Born in Detroit on Sept. 18, 1951, African-American neurosurgeon Dr. Benjamin Carson made a number of surgical breakthroughs throughout his illustrious career.
What began as a troubled childhood where a young Carson struggled with academics soon blossomed into an impressive educational career at Yale University and University of Michigan, thanks to guidance and discipline from his single mother.
Most known for his revolutionary work on the successful separation of conjoined twins attached at the head, as well as his adroit hand-eye coordination and three-dimensional reasoning skills, Carson became the youngest major division director in John Hopkins history at the age of 33.
In 2008, then-President George Bush awarded him the Presidential Medal of Freedom, the highest civilian award in the country.
The acclaimed doctor retired in March 2013 after contributing decades of irreplaceable work to his field.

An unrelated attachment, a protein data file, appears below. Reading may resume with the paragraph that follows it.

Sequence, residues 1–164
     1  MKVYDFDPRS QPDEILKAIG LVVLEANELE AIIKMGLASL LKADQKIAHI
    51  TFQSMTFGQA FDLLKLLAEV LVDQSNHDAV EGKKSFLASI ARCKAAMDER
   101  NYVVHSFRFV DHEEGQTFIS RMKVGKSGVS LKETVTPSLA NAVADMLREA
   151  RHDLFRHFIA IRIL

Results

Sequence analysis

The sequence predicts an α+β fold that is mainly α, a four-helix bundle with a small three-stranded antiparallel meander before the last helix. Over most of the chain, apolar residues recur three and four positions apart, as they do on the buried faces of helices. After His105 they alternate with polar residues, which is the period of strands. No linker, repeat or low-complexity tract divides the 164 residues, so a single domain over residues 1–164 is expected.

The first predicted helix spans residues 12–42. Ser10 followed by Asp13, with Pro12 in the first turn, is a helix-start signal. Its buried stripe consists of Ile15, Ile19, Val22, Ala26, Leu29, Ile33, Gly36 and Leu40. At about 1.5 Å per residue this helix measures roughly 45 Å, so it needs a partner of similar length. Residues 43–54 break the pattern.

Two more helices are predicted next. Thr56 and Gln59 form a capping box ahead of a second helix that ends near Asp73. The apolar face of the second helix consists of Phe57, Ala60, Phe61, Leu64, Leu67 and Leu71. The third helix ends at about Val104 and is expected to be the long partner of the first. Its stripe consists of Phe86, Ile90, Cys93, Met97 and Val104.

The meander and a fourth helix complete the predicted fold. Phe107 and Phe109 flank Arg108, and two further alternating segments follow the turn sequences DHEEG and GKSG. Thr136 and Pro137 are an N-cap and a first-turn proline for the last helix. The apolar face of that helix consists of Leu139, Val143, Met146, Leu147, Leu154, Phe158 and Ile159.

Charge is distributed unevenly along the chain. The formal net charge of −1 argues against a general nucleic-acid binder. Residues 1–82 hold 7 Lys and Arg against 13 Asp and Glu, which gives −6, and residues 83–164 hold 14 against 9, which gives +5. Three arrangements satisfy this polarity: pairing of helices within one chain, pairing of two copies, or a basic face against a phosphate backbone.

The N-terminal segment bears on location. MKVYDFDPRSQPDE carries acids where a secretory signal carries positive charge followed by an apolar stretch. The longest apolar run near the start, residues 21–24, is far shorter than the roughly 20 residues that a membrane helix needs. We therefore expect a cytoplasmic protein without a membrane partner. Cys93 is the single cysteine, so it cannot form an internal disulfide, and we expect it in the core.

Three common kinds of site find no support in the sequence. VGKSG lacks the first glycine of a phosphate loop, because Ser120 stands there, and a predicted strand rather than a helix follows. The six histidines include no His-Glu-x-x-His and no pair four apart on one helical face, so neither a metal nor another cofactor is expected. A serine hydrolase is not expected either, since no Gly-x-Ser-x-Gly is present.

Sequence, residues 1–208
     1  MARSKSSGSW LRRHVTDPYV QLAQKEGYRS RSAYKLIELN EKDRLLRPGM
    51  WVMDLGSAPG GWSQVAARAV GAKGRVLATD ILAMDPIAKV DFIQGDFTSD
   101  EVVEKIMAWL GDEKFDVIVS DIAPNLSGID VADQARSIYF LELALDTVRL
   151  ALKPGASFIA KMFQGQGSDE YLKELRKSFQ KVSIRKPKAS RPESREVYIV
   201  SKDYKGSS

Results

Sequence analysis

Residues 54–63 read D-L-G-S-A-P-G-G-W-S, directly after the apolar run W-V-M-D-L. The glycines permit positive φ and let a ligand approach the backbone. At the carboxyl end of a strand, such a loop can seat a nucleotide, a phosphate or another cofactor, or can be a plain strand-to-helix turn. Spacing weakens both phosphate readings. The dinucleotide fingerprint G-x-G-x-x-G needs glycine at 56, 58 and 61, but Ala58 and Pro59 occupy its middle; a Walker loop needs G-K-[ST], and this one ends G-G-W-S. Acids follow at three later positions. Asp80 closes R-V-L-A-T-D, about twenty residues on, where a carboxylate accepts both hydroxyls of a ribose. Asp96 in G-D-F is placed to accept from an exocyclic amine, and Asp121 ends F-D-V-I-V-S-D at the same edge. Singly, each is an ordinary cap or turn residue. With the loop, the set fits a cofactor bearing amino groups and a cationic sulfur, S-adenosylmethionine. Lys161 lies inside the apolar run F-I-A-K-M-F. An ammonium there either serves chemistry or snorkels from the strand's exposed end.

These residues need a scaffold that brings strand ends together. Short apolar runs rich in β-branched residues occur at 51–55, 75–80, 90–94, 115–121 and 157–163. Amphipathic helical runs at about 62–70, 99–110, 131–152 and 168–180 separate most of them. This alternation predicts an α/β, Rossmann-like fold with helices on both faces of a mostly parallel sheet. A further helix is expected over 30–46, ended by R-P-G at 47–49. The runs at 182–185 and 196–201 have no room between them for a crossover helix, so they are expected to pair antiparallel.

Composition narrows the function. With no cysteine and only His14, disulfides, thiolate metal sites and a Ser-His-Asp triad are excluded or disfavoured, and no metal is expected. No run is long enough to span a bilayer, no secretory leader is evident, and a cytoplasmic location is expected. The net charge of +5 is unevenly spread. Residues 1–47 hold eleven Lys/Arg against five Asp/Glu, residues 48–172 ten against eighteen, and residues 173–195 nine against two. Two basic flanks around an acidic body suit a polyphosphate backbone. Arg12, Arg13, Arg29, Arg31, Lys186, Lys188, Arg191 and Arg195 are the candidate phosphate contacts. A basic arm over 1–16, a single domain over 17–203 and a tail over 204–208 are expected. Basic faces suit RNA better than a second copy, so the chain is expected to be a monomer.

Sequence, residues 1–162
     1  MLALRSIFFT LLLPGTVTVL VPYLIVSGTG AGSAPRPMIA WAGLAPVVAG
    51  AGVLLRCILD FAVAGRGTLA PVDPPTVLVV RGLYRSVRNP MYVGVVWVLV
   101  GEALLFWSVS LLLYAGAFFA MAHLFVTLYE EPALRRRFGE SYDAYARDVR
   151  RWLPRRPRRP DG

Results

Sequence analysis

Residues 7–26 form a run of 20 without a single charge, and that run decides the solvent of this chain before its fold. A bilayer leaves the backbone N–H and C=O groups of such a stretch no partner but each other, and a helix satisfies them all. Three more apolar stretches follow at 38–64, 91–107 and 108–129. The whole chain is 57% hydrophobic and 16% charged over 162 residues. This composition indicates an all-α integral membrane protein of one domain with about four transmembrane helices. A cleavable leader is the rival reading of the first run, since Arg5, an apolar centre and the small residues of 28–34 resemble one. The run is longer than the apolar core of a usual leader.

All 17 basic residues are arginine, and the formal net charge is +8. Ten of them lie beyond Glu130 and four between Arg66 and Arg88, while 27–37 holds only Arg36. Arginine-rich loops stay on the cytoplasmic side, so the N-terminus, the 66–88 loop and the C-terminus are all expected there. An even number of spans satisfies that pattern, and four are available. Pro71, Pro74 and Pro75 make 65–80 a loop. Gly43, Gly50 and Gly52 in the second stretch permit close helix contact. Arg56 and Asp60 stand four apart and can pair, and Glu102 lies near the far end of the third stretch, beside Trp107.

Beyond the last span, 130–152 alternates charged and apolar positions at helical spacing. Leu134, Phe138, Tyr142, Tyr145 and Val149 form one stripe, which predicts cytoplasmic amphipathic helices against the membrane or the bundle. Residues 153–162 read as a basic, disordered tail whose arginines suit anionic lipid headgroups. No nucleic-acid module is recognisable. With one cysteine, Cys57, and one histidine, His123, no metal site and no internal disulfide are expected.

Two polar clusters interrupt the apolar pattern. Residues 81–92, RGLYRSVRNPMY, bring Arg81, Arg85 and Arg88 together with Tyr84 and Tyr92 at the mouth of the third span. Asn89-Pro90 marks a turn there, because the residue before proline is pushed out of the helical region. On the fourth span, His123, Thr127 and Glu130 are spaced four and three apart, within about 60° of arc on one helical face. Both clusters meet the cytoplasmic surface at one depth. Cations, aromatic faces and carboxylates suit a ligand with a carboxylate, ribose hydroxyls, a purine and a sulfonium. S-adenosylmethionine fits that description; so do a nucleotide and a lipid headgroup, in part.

"I'd much rather quit when I'm at the top of my game," he announced. "And there's so many more things that can be done."
Around the same time, Carson had also begun to speak out on political issues, garnering praise from conservatives, in particular, after a keynote speech he delivered on social issues and the government's role in the health care industry at the 2013 National Prayer Breakfast.
Earlier this year, he shared his views on a few key issues at the National Press Club.
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(Photo: REUTERS /JONATHAN ERNST /LANDOV)